That career was interrupted at its height due to succumbing to photochemical allergies followed by conceiving and cofounding “not only Black+White” magazine, a project that helped further my longtime ambitions to help bring about positive change in how photography was understood and used as a means of communication and as an art form in Australia.
My portraiture practice was intimately shaped by the cameras, lenses, films and processing and printing materials and methods of the time.
I carted my 4″x5″ sheet film camera with a medium wide and a medium long lens, sheet film and 120 roll film holders, Broncolor 3-light electronic flash kit, tripod and light stands, with my two Leica M-4P rangefinder cameras and lenses as backups, around the city and suburbs on assignment, photographing creative people, chefs, actors, celebrities and businessmen.
It was fun while it lasted and I used it as an opportunity to introduce my clients to new ways of processing, printing and reproducing my work all the better to communicate the emotions I wanted readers to experience when looking at my photographs in those magazines.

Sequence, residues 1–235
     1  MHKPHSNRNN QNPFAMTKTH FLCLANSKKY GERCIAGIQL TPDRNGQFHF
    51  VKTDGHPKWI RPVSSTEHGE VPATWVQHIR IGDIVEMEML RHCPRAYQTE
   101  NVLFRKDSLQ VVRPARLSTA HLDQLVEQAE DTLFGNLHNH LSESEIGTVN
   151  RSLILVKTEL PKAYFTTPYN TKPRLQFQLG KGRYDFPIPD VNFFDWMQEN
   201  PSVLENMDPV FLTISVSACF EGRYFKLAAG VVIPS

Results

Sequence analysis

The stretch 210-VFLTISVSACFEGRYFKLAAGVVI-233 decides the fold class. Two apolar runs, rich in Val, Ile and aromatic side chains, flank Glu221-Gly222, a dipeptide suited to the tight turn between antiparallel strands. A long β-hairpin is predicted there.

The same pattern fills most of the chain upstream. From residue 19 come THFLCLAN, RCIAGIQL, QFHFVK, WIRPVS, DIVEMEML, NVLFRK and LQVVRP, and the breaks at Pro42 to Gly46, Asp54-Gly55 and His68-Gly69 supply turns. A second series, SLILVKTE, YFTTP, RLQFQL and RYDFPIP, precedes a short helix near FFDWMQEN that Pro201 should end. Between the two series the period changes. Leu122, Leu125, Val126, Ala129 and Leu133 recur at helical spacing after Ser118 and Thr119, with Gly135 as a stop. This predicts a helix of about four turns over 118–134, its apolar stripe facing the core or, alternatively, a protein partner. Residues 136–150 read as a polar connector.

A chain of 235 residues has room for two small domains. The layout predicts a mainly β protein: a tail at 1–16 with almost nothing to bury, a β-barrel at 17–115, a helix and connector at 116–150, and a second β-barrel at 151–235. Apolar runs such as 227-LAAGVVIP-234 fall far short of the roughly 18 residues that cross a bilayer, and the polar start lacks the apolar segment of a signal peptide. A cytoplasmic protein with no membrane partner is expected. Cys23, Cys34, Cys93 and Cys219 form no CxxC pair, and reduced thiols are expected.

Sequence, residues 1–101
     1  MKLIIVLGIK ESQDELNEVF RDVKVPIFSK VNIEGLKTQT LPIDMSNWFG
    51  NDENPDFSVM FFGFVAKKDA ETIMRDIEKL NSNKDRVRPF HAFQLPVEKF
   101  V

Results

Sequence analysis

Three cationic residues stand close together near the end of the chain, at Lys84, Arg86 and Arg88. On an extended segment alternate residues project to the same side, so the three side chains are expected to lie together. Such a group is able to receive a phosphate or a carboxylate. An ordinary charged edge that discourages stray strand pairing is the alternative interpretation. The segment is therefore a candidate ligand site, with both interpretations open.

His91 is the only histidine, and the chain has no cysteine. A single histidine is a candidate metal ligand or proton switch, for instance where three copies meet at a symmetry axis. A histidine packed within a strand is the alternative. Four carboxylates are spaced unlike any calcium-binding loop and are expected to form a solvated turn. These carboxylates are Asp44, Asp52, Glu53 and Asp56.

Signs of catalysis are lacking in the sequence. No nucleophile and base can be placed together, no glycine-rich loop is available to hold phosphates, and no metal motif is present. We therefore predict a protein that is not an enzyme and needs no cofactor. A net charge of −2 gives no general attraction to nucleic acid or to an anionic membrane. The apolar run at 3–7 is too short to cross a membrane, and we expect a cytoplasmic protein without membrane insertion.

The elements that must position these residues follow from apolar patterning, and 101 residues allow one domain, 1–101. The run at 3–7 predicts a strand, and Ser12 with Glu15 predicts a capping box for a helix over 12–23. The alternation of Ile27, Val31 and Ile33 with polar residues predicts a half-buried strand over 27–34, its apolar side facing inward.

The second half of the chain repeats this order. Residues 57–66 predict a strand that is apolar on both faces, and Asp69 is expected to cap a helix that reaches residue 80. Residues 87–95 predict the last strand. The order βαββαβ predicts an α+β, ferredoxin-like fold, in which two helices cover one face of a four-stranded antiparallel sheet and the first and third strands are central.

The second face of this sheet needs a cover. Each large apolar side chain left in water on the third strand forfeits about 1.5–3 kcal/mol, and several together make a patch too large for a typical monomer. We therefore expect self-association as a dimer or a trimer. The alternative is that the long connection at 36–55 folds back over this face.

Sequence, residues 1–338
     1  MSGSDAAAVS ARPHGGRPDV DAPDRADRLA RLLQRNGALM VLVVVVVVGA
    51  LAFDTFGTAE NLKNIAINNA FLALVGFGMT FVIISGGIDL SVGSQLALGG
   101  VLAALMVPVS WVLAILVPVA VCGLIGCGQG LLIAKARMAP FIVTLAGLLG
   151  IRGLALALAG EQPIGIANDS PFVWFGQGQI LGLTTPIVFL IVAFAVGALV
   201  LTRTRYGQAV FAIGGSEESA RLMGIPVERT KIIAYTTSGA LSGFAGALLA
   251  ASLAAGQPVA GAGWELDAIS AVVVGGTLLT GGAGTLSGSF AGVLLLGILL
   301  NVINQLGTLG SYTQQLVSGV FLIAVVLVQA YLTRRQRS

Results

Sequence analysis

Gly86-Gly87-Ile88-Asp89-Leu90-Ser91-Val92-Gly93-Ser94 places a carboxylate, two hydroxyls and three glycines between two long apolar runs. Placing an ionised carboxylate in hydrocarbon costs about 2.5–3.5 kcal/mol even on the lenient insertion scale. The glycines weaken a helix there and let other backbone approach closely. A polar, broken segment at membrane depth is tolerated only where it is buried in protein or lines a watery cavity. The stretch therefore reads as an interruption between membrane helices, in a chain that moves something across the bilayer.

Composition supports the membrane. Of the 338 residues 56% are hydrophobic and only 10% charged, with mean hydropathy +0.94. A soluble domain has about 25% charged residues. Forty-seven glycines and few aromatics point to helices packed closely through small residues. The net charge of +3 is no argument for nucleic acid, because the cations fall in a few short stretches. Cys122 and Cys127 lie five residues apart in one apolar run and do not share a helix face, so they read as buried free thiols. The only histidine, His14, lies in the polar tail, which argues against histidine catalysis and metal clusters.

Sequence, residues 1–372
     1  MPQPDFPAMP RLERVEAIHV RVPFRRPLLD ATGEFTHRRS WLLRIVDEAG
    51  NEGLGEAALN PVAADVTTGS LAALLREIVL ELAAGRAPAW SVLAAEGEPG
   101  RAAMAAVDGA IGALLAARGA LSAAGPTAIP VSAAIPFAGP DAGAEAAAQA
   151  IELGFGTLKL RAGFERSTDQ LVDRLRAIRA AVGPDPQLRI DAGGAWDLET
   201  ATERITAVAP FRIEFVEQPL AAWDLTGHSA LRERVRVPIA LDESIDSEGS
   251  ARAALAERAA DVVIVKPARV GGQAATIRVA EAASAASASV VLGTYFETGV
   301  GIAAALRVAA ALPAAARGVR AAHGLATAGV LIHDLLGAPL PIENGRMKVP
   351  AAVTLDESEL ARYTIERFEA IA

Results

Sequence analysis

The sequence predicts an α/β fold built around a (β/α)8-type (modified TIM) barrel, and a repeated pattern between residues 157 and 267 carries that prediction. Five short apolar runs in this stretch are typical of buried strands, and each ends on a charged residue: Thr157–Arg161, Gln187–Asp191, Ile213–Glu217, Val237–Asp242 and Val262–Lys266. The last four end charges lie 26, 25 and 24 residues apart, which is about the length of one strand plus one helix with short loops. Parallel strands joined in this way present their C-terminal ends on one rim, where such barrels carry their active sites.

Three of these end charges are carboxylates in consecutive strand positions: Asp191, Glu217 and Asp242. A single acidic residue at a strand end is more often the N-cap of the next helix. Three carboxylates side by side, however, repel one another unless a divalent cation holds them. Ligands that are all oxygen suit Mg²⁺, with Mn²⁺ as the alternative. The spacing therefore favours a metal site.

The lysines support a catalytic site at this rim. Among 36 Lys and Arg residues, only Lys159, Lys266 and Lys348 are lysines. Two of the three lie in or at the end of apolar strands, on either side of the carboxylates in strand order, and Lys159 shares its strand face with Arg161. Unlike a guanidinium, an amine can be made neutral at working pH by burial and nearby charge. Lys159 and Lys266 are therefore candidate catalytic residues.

I have long wanted to get back to those forms of photography but this time unencumbered by all that gear, stripping my means of production back to just me, a handheld camera and uncomplicated but expressive processing methods.
Will Aurora HDR 2019 allow me to do that?
I hope so, based on the results of this quick and dirty test above.
Time to take a good, hard look at the current state of the magazine editorial photography landscape here in Australia now?
Definitely time to build a new portrait portfolio, and Aurora HDR 2019 may well be an important factor in that.
One of my aims in portraiture was and is to create the impression in the viewer’s mind that they are in the same room as the subject.